Depending upon the distance of the golf ball from the cup (not shown) and the degree of control and feel required to sink the putt, the golfer can preselect a pad 26 from a set of pads to be inserted in a putter 10, (or, from a multi-putter set of putters embodying the present invention, may select a putter) for, say, a 12.5%, 25%, 37.5%, or 50.0% rebound factor. In either case, the pads 26 may be color coded for ease of identifying the pad to the distance.
FIG. 5 illustrates such a set of putters 10a through 10b. Three putters are used for purpose of illustration only, and no limitation on the number of such putters in a set is intended. Each of the putters (e.g., 10a) has a pad (e.g., 26a) attached to or forming its putter face (24a), which pad has a different rebound value from each of the other pads according to putting distance, but is formulated so that all of the pads 10a-10c have the same hardness as desired by a particular golfer.
The distance-rebound factor spectrum of the pads 26 is graphically illustrated in FIG. 6. For a given hardness of the pad 26 material, a rebound factor is associated with a putting distance: a short putting distance requires a "deader" pad, i.e., a lower rebound factor. Three co-linear lines represent the values of hardness or durometer value (DV) illustrated in FIG. 6 for purposes of one exemplary embodiment of this invention, by DVA, DVB and DVC, covering the range of hardness from 70A durometer to 80D durometer. As can be seen from FIG. 6, the rebound factor RF remains a constant "Kn " for a particular value of putting distance even as hardness values (DV) change.
Because of the resilience of insert 26, putter 10 preselected with its particular cushioning effect is more "forgiving" in that an unintended stroke that is too strong, while it may cause ball 50 to miss the cup, will not tend to cause the ball to miss the cup by much, thereby making the holing of the ball more certain on the next stroke. For such reasons, also as previously mentioned, putter 10 is particularly advantageous for short distance putting.
Additionally, because of the cushioning effect of insert pad 26 relative to that of golf ball 50, a relatively large contact area is provided between the insert and the golf ball, thereby providing less chance that the ball will be putted in an off-line direction, such as may be the situation when a ball is putted by a hard putter head that provides only a small or point contact area impact area. Consequently, a larger than normal sweet spot is provided by putter head 12, as is greater directional feel and control of the putted golf ball 50.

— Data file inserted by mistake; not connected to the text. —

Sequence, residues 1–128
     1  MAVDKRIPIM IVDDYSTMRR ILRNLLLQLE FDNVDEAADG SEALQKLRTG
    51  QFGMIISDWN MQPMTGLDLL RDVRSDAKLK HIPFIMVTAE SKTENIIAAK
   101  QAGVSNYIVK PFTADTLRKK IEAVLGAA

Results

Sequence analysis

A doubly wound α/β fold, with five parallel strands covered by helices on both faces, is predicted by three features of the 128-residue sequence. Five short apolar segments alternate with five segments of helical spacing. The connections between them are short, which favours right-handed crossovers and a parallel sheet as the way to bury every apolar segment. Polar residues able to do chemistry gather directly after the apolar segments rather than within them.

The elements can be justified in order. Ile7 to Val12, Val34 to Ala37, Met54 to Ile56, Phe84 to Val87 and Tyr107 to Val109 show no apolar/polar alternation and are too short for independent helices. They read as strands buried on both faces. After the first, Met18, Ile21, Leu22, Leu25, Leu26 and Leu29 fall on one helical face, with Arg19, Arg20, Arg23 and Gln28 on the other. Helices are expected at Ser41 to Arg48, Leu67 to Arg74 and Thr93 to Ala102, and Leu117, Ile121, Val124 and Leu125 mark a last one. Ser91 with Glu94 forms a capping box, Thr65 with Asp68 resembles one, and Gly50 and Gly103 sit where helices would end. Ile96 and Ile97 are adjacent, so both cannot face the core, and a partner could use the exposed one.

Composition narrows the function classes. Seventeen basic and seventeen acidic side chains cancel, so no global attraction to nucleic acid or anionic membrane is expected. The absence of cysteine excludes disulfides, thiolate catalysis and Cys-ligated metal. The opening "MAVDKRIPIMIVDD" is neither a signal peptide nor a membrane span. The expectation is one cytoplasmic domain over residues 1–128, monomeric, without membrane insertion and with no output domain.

Moreover, the polyurethane pad provides a reduction in club head quivering on impact, further enhancing positive contact of the putted ball. Recent improvement to clubs of many manufacturers (e.g. Lynx, Calloway, Cleveland, etc.) have employed polyurethane rings and decals on the back of putter heads or in the shaft to reduce vibration. The present invention features oscillation damping at the point of contact with the ball, namely, at pad 26, to diminish another of the variables that contribute to misdirection of the putted ball.
Although there has been described and illustrated an improved golf putter, especially for short putting distances, for purposes of illustrating the manner in which the invention may be used to advantage, the invention is not limited thereto. Therefore, any and all variations and modifications that may occur to those skilled in the applicable art are to be considered as being within the scope and spirit of the claims as appended hereto.
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|WO1998056469A1 *||Jun 8, 1998||Dec 17, 1998||Odd Kristian Kirkeby||Arrangement in a golf club|
|WO1999029374A1||Dec 10, 1998||Jun 17, 1999||Keelan Regis T||Composite putter head|
|WO1999033529A1 *||Dec 29, 1998||Jul 8, 1999||Cobra Golf Inc.||Golf club head with a strike face having a first insert within a second insert|
|WO2000020076A1 *||Sep 30, 1999||Apr 13, 2000||Taylor Made Golf Company, Inc.||Golf club with polyether block amide striking insert|
|U.S. Classification||473/251, 473/340, 473/329, 473/342, 273/DIG.8|
|International Classification||A63B55/00, A63B53/04|
|Cooperative Classification||A63B60/62, A63B53/04, A63B53/0487, A63B2053/0416, A63B2053/0441, Y10S273/08|
|European Classification||A63B53/04, A63B55/00C, A63B53/04P|
|Apr 19, 1999||FPAY||Fee payment|
Year of fee payment: 4
|Mar 14, 2001||AS||Assignment|
Owner name: KEVTECH, INC. (A CALIFORNIA CORP.), CALIFORNIA
Free format text: ASSIGNMENT OF ASSIGNORS INTEREST;ASSIGNOR:FISHER, DALE P.;REEL/FRAME:011620/0926
Effective date: 20010306
|May 7, 2003||REMI||Maintenance fee reminder mailed|
|Oct 17, 2003||LAPS||Lapse for failure to pay maintenance fees|
|Dec 16, 2003||FP||Expired due to failure to pay maintenance fee|
Effective date: 20031017
|Mar 31, 2004||AS||Assignment|
Owner name: FISHER, DALE P., CALIFORNIA
Free format text: ASSIGNMENT OF ASSIGNORS INTEREST;ASSIGNOR:KEVTECH, INC. (A CALIFORNIA CORPORATION);REEL/FRAME:014475/0652
Effective date: 20040331
Owner name: FISHER, DALE P., CALIFORNIA
Free format text: ASSIGNMENT OF ASSIGNORS INTEREST;ASSIGNOR:KEVTECH, INC. (A CALIFORNIA CORPORATION);REEL/FRAME:015201/0003
Effective date: 20040331